Mubi 無比, Square in Site-specific
- 27 October - 30 November 2022
- Donald Judd
- Yisu Kim
- Agnes Martin
- Soohyeok Shin
- Sangyuel Yoon
In Eastern philosophy, the heavens and the earth are referred to as “Cheonwonjibang (天圓地方)”, which means "the sky is round and the earth is square." The square, the shape most resembling a circle, was considered to have a proportion that maximized the harmony of heaven and earth, yin and yang. In this exhibition, the square is presented as a solid and serene land on which art is placed.
The circle is made up of countless angles and has reached the point where it has no corners. In Buddhism, it is used as a symbol of the journey to find the truth. The square has a proportion that embraces the circle and the elasticity to become a circle if trimmed. Like curves created by countless angles, the works of the five artists quietly surface after going through innumerable processes and dialogues with material properties. Each of these works has its own square shape, engaging in a conversation in the exhibition hall.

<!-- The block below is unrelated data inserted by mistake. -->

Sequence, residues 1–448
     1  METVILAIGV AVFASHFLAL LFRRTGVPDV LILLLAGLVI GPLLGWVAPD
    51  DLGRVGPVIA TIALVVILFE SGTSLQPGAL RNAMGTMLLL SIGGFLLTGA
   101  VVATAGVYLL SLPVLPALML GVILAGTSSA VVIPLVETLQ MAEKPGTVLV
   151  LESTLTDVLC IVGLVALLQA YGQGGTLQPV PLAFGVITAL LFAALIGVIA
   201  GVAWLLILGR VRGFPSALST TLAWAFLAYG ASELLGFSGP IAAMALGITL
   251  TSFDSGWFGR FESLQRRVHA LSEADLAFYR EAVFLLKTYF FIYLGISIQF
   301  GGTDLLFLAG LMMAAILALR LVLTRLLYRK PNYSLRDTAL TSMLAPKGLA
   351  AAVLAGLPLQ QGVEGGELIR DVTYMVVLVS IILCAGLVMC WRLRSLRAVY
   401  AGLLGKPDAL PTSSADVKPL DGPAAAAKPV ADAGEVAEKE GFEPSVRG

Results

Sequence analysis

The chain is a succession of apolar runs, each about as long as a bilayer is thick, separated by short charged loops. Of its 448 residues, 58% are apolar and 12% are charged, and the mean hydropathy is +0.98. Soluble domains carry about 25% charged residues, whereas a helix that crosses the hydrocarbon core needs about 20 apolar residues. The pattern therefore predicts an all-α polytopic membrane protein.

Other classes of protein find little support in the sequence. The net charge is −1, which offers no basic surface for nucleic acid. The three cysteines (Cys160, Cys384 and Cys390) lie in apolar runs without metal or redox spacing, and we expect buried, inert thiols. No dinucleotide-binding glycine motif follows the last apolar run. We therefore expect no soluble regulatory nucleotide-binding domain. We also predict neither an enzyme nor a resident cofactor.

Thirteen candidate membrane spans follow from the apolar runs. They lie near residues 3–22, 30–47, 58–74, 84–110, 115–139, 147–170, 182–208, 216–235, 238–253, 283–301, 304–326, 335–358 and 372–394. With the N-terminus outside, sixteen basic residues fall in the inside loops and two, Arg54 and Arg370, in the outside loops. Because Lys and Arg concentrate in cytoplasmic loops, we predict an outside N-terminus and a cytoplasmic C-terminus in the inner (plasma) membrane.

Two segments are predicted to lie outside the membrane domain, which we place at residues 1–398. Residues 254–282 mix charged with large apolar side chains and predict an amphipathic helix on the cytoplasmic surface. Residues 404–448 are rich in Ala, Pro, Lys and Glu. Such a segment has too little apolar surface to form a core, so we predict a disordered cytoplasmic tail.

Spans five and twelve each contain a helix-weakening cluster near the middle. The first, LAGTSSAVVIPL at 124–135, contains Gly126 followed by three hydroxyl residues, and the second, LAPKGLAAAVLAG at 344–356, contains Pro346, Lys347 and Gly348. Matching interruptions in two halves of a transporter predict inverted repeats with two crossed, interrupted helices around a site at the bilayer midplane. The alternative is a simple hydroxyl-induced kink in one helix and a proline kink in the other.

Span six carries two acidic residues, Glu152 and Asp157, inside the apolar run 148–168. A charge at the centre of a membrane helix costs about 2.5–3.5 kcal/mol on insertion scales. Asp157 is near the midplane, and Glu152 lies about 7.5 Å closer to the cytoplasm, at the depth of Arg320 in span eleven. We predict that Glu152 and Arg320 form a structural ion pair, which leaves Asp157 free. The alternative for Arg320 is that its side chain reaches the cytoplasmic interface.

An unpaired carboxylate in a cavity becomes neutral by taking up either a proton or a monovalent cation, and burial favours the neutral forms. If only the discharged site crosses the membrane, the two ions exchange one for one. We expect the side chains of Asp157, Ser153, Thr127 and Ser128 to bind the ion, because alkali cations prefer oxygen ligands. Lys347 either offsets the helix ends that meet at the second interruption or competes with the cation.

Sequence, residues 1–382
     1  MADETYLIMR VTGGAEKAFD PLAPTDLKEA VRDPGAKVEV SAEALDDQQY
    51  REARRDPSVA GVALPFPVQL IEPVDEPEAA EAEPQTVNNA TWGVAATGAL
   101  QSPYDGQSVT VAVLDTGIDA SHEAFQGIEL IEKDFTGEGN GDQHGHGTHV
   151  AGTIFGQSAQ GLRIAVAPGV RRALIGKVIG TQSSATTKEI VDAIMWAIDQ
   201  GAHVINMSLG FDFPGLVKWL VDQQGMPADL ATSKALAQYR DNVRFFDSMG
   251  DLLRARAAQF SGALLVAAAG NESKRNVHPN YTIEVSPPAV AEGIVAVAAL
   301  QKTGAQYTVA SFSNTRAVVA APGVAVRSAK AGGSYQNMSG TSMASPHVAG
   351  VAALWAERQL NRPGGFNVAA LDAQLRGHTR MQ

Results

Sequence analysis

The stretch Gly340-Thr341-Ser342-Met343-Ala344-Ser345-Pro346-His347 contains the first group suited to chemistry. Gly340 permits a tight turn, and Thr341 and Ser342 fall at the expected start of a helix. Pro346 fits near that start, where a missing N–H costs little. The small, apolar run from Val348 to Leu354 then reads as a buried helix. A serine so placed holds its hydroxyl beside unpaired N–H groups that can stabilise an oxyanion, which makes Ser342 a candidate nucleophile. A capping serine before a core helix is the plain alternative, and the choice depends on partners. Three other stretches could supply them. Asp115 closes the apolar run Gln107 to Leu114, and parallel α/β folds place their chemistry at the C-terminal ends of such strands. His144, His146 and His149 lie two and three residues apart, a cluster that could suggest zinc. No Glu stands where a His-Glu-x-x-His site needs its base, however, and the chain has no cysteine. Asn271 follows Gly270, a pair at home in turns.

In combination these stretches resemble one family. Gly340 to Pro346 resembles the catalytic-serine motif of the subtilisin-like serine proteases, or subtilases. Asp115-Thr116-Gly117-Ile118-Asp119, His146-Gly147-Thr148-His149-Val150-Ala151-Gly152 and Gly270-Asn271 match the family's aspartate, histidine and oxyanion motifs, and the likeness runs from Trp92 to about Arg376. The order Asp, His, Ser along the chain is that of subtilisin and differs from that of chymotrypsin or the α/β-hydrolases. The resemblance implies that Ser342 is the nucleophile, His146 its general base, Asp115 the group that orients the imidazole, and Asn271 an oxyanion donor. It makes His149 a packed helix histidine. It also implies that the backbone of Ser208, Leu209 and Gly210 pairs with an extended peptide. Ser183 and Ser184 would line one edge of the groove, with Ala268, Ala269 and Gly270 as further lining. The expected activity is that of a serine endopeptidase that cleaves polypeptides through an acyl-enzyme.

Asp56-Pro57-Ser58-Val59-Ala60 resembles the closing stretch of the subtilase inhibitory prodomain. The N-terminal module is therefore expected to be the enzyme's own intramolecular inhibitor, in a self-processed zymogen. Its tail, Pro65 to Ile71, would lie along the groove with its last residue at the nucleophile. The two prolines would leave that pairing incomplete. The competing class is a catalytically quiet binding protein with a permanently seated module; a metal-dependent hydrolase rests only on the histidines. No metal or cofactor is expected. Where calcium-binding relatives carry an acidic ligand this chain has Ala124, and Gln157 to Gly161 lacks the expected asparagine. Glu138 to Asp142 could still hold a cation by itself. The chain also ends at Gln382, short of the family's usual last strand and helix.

Mubi (無比) means that something is so excellent that there is nothing to compare it to. In Buddhist philosophy, it means incomparable in this world. In Eastern philosophy, mu (無, nothing) is not absolute non-existence or nothingness, but rather connotes endless possibilities and infinite chaos. As the title implies, this exhibition has a structure that brings the essence of the artworks to a level beyond their forms and beyond the visible. The five artists put on view the square structure, the most perfect and stable proportional form made by humans as a common denominator that embodies mubi.
Paying attention to the beauty of the proportions flowing in the works, mubi is revealed as a fundamental principle penetrating the works of the five artists. Variations on the square are presented by Donald Judd, one of the pioneers of Minimalism, Agnes Martin, known as the "artist of the line," and three Korean artists. Sangyuel Yoon's thin lines converge at the center of the square, creating spaces of contemplation between the lines. Kim Yisu's canvases unfold with endless light created by subtle differences. The overlapping strokes of Shin Soohyeok create countless squares in the canvas, abstractly expressing memory and space, the boundaries between the ordinary and the unusual, and various repetitive phenomena.
The word "Site-specific", which is recognized as the core of Minimal Art in this exhibition, not only refers to a physical place but also the different position that each artist adheres to. Mubi is evoked as their art sublimates to a dimension beyond the visible "form."